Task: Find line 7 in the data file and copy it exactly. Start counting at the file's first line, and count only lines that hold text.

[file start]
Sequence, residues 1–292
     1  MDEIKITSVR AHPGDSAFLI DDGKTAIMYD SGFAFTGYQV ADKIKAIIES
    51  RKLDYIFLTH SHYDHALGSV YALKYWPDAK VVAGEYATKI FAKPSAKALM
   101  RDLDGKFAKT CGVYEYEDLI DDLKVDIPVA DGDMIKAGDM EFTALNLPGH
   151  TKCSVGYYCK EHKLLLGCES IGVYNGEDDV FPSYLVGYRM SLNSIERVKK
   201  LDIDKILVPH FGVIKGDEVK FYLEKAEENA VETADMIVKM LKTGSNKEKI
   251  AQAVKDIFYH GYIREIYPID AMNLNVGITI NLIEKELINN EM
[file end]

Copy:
   251  AQAVKDIFYH GYIREIYPID AMNLNVGITI NLIEKELINN EM